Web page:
|George William Manby was born at
Denver Norfolk on 28th November 1765. George had every
intention of following in his father's footsteps; his
father had been a captain in the Welsh fusiliers. As soon
as he was able to George went into the army. At age 17 he
volunteered to fight in the American war of independence
but was rejected because of his youth and his diminutive
size. So Manby had to be content with a commission in the
militia. At age 38 he wrote a pamphlet ‘An Englishman's
Reflexions' on the threatened invasion of England by the
French under Napoleon. The secretary of war Charles Yorke
was so impressed by this document that he recommended
George Manby appointment Barrack master at Great Yarmouth.
At this time Yarmouth was a busy place with warships
coming and going and everyone preparing for the expected
invasion by Napoleon. Manby lived close to the beach in
Great Yarmouth in St. Nicholas road. (There is now a
road named ‘Manby Road’ close to St. Nicholas road).
Manby daily witnessed first hand, the tragic loss of
life when ships that had snapped their anchorage in
gales, broke up. Sometimes, entire crews were drowned
less than a hundred yards from the safety of the shore.
Manby was amongst the helpless onlookers who watched as the waves crashed over the Snipe. He was forced to listen to the screams of the women and children as they were hurled into the unforgiving sea to drown. There are conflicting accounts as to how many people drowned and how many people survived the Snipe disaster. But this disaster was the turning point for Manby who became determined to invent something that would stop these shoreline catastrophes. He remembered that as a young gunner he used to fire a line right over Downham Church. Could he use this prank to his advantage?
it was that Captain George Manby created the Manby Mortar
that fired a line from shore into the rigging of a ship.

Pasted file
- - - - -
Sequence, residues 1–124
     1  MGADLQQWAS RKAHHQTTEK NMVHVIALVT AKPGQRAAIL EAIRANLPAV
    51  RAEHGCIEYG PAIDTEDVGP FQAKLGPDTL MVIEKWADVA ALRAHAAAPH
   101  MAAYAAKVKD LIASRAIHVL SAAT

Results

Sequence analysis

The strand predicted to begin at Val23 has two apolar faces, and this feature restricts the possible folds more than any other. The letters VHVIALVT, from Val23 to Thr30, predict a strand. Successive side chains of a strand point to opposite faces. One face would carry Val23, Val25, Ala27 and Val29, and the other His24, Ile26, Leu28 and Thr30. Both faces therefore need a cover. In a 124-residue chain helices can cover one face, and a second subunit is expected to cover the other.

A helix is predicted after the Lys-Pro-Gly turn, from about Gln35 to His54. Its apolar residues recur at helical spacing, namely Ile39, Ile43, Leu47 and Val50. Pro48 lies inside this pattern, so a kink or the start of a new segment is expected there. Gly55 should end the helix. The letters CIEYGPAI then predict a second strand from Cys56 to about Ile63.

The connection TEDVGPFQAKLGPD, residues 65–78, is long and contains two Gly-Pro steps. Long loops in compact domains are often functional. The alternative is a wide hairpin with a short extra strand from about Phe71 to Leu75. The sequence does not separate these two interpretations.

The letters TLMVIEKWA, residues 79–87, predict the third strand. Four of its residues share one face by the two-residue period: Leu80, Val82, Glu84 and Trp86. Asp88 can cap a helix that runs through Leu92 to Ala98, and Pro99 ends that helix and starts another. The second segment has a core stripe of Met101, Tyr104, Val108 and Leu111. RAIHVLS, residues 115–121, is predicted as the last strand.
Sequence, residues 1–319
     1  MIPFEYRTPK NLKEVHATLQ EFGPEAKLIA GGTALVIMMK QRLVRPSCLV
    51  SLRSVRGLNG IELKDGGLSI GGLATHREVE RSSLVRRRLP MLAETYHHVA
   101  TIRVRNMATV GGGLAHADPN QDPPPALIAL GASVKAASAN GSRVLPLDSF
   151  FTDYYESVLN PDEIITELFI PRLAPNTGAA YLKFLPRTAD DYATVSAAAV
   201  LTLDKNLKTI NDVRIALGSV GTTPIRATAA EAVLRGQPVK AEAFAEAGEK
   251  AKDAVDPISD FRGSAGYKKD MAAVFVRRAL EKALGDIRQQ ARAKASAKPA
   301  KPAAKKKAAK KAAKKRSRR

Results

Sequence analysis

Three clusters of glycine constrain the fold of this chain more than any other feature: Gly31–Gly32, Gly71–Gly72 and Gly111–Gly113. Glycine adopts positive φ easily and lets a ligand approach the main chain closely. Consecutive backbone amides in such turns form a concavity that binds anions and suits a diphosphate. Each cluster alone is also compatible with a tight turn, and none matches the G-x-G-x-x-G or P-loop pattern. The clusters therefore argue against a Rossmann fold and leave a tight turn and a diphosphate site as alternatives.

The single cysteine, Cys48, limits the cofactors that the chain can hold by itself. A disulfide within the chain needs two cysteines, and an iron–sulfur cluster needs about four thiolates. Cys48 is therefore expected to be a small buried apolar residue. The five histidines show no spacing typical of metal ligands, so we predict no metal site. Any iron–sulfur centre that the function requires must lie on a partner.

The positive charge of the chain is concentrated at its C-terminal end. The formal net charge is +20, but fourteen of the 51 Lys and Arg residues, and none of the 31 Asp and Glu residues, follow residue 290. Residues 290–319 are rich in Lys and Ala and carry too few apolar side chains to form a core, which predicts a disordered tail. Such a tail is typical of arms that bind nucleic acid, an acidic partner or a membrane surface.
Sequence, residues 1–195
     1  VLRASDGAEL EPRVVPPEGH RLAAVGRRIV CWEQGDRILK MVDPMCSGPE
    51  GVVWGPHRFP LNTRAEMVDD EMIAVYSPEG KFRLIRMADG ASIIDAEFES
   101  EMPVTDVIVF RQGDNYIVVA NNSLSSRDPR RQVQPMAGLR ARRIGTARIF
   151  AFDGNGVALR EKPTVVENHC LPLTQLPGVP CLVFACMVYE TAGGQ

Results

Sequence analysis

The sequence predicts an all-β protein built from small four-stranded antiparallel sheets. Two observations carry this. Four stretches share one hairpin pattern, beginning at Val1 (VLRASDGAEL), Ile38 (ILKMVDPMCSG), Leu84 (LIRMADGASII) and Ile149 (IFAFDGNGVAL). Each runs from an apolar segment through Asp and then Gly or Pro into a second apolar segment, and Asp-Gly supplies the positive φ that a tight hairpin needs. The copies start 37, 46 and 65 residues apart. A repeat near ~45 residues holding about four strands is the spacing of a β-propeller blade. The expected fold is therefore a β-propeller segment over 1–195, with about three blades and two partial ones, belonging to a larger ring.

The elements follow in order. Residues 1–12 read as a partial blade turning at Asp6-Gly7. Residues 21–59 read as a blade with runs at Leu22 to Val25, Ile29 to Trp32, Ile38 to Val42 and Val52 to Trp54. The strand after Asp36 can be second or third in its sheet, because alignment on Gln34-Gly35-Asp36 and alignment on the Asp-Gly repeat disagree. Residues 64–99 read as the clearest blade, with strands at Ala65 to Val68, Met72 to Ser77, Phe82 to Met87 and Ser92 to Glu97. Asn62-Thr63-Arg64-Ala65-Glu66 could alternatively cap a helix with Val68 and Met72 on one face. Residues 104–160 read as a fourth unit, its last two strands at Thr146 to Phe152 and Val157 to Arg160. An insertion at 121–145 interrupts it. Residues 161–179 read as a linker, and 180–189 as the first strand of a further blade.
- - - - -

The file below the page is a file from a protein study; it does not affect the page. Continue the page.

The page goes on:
Attached to the line was a stouter rope, which was hauled
onboard. The crew and those on shore with the aid of a
breeches buoy then used the rope to bring people safely to
It was not an easy invention as Manby had to work out a
way for the line to pay our evenly, be strong enough not
to break under the strain or be burnt up by the blast
from the mortar used to fire the ball and for the whole
apparatus to be carried on horseback. The first
successful use of the equipment took place at Great
Yarmouth, 150 yards from the shore when Manby saved the
lives of sailors from the brig Elizabeth with his Manby
During his lifetime Manby then went on to produce
various other life-saving devices and even became a
fellow of the Royal Society. In a portrait of George
Manby painted by an unknown artist the inscription on
the painting records that at the time the painting was
painted in 1818, 137 lived had been saved by Manby’s
equipment. George Manby died in his home in Great
Yarmouth on 18th November 1854 and is buried in Hilgay
churchyard near Downham Market.
|Obs. When ships were no longer made of wood but had iron hulls instead, enterprising Victorian inventors came up with a cork lined cabin trunk. Specially adapted they had extra buoyancy so that the men could safely paddle home.|